One of the few things you can be sure of in this world is that rapper-producer Dr. Dre is not finished with his third and possibly final solo album, Detox.
Dre has been working on it off and on for a decade. There are indications it may come out sometime soon—but then again, there always are. It happens over and over. Somebody from Dre’s camp lets slip a speculative release date in the press, the anticipation starts up again, and then Dre sees his shadow and disappears back into the studio.
Detox has become one of those mythically unfinished records—like the third My Bloody Valentine album, which took more than 20 years to see release, or Chinese Democracy before Axl Rose finally deigned to crap it out into the world. The conundrum of its perpetual imminence is just something you live with as a fan of rap music. When the rising L.A. MC Schoolboy Q rapped, “Word to Dr. Dre/Detox is like a mix away” on his 2012 album Habits & Contradictions, he may as well have been stating a constant truth, a fact about the landscape: Detox is just a mix away. Crenshaw High School is 30 minutes from the Hollywood Hills. That mountain is 10,064 feet high.
And yet people haven’t stopped caring. So last summer, when British hip-hop DJ Tim Westwood had Snoop Dogg on his BBC Radio show, he asked the question everybody asks people close to Dre, namely, “What’s up with Detox? Is it ever coming out?” This time, though, instead of saying what Dre’s associates usually say—that Dre’s a genius who’ll serve no wine before its time, but, man, is this record going to knock your fucking socks off when Dre’s ready to let people hear it, which will be soon—Snoop said point-blank that Detox wouldn’t get done until Dre called in two people to work on it: himself and the D.O.C.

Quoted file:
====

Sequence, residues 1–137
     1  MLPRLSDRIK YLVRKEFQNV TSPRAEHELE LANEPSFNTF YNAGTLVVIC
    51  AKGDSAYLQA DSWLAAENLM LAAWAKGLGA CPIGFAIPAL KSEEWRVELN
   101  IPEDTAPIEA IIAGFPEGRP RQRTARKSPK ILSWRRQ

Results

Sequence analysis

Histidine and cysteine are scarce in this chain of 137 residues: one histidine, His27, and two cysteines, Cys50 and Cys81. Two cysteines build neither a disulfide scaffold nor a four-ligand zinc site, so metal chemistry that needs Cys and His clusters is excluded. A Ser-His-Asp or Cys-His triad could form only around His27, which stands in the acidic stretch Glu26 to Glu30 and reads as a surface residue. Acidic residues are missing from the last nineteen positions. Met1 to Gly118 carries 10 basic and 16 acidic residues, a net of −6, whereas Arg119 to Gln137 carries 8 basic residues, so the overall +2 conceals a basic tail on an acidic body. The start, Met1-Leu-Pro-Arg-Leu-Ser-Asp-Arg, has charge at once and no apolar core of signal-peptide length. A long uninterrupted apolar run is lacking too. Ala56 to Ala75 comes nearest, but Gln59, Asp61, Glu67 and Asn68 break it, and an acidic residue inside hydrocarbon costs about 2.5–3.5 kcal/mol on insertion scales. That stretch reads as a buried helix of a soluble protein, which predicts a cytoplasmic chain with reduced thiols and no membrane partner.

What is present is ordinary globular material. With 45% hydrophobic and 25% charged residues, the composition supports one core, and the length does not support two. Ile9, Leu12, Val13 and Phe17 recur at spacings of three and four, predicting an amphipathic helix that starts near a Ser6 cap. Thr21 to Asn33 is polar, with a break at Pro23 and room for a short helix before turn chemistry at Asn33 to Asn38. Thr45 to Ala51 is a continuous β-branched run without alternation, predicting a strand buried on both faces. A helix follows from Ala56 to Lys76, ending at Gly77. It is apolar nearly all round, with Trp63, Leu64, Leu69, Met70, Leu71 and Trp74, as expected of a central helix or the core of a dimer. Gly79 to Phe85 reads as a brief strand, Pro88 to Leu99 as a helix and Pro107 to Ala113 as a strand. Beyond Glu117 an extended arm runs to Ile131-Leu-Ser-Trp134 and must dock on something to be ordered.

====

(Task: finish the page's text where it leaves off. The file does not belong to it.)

“D.O.C. and Snoop Dogg is the backbone,” he told Westwood. “When you take them out of the equation, it’s not gonna work.”Uninformed hip-hop fans would have reason to ask, Who the hell is the D.O.C.? It’s been nearly 25 years since the rapper released his astoundingly great debut album, No One Can Do It Better. It was produced by Dr. Dre when Dre was churning out hot product at an ironic-in-retrospect pace: In a single year Dre made the D.O.C.’s album, as well as N.W.A’s Straight Outta Compton and N.W.A co-founder Eazy-E’s solo debut, Eazy-Duz-It. The D.O.C. was a cocky, charismatic young rapper with a knotty, complex flow—his delivery had more bob-and-weave than your average West Coast rapper’s, and he reminded people of East Coast guys like Rakim. The kid with the golden voice, he called himself. Within three months he’d sold half a million records—until injuries to his vocal cords sustained in a car accident rendered him barely able to speak and totally unable to rap.
After that, the D.O.C. was a living ghost. He made two would-be comeback albums, but his real career existed behind the scenes. It became an open secret that he’d ghostwritten rhymes for Dre on The Chronic and 1999’s 2001 and polished lines for Snoop Dogg’s Doggystyle. The D.O.C. was a fixer, a problem solver, a hip-hop Winston Wolf. Once a breakout star, he now existed in hip-hop as a legend in the background of other people’s rhymes. Dre shouted him out (“Like my nigga D.O.C., no one can do it better”) at the end of “Nuthin’ but a G Thang,” the first single from The Chronic. More than 10 years later, so did Brooklyn-born Jay-Z on “Public Service Announcement”—“HOV, not D.O.C./But similar to the letters, no one can do it better.”
Tips of the hat to a rapper’s rapper. But the Westwood thing was different. The Westwood thing was Snoop calling out Dr. Dre, telling him and the world that only the D.O.C. could save Detox. That yes, in fact, no one can do it better.